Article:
- Associated Press - Wednesday, September 7, 2011

The Obama administration on Wednesday stepped up its attack on moves in Congress to withhold or slash U.S. funding of the United Nations, saying such moves were “alarmist” and “backwards” and would seriously undermine America’s role as a world leader.

Republican-led efforts in Congress could force the U.S. to withhold half of its annual contribution to the world body. A senior State Department official said the administration’s engagement with the United Nations and promise to pay its dues had bolstered once-languishing U.S. influence at the world body that should not be squandered.

“We oppose the backwards calls we again are hearing to withhold U.S. dues, given the impact doing so would have on U.S. influence and leadership across the U.N. system,” said Esther Brimmer, the assistant secretary of state for international organizations affairs.

Ms. Brimmer did not specify the target of her criticism, but it was clearly directed at a bill introduced in the House last week by House Foreign Affairs Committee Chairwoman Ileana Ros-Lehtinen, Florida Republican, with 57 co-sponsors - all Republicans. The measure would block U.S. funds for any United Nations entity that supports giving Palestine an elevated status at the U.N., and ban U.S. contributions to the U.N. Human Rights Council and an anti-racism conference seen as a platform for anti-Israel rhetoric.

Ms. Ros-Lehtinen has long been an outspoken critic of the United Nations. Her legislation would also withhold a portion of U.S. dues to the international body if it does not change its funding system so that dues are paid on a voluntary rather than assessed basis.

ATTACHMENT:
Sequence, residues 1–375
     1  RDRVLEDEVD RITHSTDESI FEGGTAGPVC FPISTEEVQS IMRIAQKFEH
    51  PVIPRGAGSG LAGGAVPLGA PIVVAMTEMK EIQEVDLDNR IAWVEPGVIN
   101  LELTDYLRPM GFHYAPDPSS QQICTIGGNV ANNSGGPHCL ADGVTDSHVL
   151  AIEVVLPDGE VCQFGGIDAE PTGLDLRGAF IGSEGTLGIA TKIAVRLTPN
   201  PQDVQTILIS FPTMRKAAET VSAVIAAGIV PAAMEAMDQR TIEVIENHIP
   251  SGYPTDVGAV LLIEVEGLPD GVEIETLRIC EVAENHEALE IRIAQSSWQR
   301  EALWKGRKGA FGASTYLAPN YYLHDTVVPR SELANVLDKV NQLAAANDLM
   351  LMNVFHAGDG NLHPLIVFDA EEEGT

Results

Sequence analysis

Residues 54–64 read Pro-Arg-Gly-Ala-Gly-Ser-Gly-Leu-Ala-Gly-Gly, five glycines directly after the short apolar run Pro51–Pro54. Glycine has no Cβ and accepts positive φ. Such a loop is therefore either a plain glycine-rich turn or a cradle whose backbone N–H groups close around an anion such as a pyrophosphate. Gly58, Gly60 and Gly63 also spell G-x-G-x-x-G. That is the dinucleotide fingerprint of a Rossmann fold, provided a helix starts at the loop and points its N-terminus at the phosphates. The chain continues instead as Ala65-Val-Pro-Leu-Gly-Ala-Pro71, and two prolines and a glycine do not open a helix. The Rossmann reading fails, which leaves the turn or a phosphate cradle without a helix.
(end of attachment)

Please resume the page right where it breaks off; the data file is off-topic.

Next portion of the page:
Ms. Ros-Lehtinen’s office said she was traveling and not immediately able to comment.

Ms. Brimmer dismissed as “alarmist” concerns that the U.N. is working against U.S. interests. While she acknowledged that the world body needs reform, she maintained that could be better achieved with more and not less U.S. involvement. She said U.S. participation in numerous U.N. agencies had helped to reduce unfair criticism of Israel and gave powerful voice to efforts to condemn human rights abusers.

“We reject arguments made by some that would cede global leadership to those who would not act in our interest, or abandon the real, tangible gains that have come with enhanced U.S. multilateral engagement,” Ms. Brimmer told an audience at the U.S. Institute for Peace. “We reject also the alarmist suggestions that the U.N. is somehow running roughshod over U.S. interests.”

In the 2010 budget year, the U.S. provided $7.7 billion to the U.N. for its regular budget, peacekeeping and other programs, up from $6.1 billion the previous year. The Obama administration has tried to end the angry budget wars over U.N. dues that were common on Capitol Hill before Mr. Obama took office.

The State Department spoke out against the legislation after it was introduced, but Ms. Brimmer’s comments significantly raised the rhetoric of the opposition ahead of the annual U.N. General Assembly session set to begin in New York later this month.